Fired up with Raku - Over 300 Raku Recipes
|INSIDE:||100 colour photographs|
The origins of raku can be traced back hundreds of years to Japan, where it was used as the traditional method of creating clay bowls for the tea ceremony. Over the years potters have embraced and adapted the methods, celebrating the remarkable but unpredictable results achieved using raku techniques.
The author, who has specialized in raku for over twenty years, considers the origins of raku before offering over 300 glaze recipes. A selection of other potters also share their ideas, and with one hundred photographs of raku-fired pieces, Fired Up With Raku offers inspiration to all potters.
Site Price: £11.99E-Book Edition: £11.99 (incl. VAT)
" This book, written by Irene Poulton is based on her experience of more than 20 years working with Raku. It is primarily a book for potters or students who either already create work in Raku or would like to know more of the practical details and plan to get started. That said, this book could also be very useful for Galleries and Collectors who have an interest in buying or selling Raku.
I found the introduction very helpful in clarifying my understanding of how raku developed and the difference between Traditional and Contemporary methods. There is also a vast range of Raku glazes which should satisfy the most demanding artist. There is a section on Firing and Raku kilns, with useful comments and advice throughout. The section on Techniques and Problems ends with a useful summary table of "Tips and Tricks". Again, as a collector I was interested to understand about various defects and why they occur. Usefully there are images of pieces using many of the glaze recipes listed. This comprehensive section is followed by another on 'Alternative Methods and Materials of Decoration'. This includes detail on various reduction techniques. Rounding the book off are some 36 pages of practical ideas and comments, including some glaze recipes and individual personal statements from some of the leading Raku artists around the world. All have provided images of their work which along with the many images of Irene's work make for a very enjoyable read.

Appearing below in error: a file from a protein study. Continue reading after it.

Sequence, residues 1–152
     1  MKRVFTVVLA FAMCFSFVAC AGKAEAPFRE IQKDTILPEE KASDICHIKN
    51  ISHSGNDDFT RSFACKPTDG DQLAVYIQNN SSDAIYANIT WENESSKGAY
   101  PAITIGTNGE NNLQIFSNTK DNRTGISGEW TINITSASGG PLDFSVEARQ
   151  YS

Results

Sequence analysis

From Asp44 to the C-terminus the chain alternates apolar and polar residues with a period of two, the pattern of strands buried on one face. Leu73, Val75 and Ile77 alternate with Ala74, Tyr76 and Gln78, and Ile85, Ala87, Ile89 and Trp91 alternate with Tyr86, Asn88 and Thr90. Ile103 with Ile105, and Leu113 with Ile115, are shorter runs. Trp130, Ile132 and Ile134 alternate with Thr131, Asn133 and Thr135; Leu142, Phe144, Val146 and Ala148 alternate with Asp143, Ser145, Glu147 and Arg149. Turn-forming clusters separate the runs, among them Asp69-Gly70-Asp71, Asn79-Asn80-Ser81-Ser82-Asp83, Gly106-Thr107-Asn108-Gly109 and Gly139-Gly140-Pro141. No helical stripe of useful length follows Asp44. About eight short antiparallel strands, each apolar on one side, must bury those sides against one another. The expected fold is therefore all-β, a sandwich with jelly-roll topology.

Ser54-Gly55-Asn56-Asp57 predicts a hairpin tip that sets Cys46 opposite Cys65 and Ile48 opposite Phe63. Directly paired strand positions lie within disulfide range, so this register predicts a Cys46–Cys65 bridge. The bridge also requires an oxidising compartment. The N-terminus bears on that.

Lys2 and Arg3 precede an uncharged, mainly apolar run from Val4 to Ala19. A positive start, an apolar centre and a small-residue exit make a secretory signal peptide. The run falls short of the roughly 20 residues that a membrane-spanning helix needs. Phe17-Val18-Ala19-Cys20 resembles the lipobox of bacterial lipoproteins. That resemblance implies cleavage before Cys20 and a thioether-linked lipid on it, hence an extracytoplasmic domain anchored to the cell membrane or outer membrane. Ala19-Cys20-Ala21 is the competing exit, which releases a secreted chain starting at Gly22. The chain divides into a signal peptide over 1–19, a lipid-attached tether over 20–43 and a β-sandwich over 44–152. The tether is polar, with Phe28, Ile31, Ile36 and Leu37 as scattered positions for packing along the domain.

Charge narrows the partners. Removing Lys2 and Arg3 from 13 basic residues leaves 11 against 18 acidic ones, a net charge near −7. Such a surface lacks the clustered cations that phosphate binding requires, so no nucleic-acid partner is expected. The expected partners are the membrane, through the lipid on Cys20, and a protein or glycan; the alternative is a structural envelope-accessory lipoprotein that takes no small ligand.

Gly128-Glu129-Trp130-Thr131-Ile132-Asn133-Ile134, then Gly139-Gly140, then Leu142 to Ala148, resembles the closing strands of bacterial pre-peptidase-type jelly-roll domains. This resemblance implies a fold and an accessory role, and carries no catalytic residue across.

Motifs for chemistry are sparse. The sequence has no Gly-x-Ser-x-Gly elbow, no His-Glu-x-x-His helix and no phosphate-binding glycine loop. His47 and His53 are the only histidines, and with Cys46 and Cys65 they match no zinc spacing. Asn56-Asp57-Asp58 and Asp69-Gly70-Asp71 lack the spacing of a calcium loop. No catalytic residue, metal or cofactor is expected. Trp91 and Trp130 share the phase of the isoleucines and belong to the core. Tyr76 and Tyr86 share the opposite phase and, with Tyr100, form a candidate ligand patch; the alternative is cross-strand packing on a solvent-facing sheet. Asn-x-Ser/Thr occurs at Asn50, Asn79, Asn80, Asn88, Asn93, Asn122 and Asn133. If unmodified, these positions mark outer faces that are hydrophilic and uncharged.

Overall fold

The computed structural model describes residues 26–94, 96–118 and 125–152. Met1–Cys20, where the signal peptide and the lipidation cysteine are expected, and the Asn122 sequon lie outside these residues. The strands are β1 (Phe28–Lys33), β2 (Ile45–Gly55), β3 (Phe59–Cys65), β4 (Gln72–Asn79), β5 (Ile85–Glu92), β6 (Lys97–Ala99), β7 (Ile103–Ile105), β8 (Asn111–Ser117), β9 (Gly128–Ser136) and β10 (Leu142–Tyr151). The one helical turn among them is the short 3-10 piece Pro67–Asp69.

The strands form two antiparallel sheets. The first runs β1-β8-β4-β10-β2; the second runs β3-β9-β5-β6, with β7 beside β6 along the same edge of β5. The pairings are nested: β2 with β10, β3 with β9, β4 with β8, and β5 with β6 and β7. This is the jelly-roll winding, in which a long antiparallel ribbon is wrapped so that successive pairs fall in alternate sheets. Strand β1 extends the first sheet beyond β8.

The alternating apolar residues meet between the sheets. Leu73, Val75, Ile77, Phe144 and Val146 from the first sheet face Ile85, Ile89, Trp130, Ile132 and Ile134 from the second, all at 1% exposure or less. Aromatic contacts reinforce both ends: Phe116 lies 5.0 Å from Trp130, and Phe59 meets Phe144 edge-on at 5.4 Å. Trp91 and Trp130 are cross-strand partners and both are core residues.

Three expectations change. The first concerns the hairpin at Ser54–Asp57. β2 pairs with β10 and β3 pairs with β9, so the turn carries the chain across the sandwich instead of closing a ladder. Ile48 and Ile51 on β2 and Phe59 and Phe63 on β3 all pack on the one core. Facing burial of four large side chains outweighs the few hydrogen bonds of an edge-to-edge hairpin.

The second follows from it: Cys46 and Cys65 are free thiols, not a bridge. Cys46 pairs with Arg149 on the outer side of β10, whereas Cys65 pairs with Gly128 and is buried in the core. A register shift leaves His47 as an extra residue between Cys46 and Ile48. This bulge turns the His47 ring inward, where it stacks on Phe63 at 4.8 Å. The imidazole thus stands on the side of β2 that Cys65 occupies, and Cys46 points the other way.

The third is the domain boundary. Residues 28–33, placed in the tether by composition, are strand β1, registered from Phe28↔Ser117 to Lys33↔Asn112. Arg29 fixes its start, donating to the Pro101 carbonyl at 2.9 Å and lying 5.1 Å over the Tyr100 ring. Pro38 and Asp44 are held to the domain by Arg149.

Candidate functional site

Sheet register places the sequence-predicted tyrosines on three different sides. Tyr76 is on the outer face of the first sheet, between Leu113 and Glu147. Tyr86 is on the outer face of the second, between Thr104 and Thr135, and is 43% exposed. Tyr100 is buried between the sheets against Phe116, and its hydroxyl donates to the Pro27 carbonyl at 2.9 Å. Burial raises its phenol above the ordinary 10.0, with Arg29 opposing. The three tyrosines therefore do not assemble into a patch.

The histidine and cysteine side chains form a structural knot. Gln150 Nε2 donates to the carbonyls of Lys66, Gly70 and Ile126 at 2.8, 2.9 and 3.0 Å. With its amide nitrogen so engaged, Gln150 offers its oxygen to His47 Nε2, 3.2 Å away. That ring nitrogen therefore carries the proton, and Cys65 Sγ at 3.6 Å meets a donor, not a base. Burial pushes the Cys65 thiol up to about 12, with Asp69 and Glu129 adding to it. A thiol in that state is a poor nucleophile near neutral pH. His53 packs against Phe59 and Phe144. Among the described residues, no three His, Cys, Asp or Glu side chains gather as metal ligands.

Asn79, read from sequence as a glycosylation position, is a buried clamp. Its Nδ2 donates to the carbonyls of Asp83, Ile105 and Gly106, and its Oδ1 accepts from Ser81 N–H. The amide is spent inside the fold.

In summary this is a practical and effective book which enables the many years of Irene's accumulated knowledge to be available to all who need it in an easy and enjoyable format. I think this book will be welcomed by ceramicists and collectors alike. "
Review Type: Press
Reviewed By: Studiopottery.co.uk
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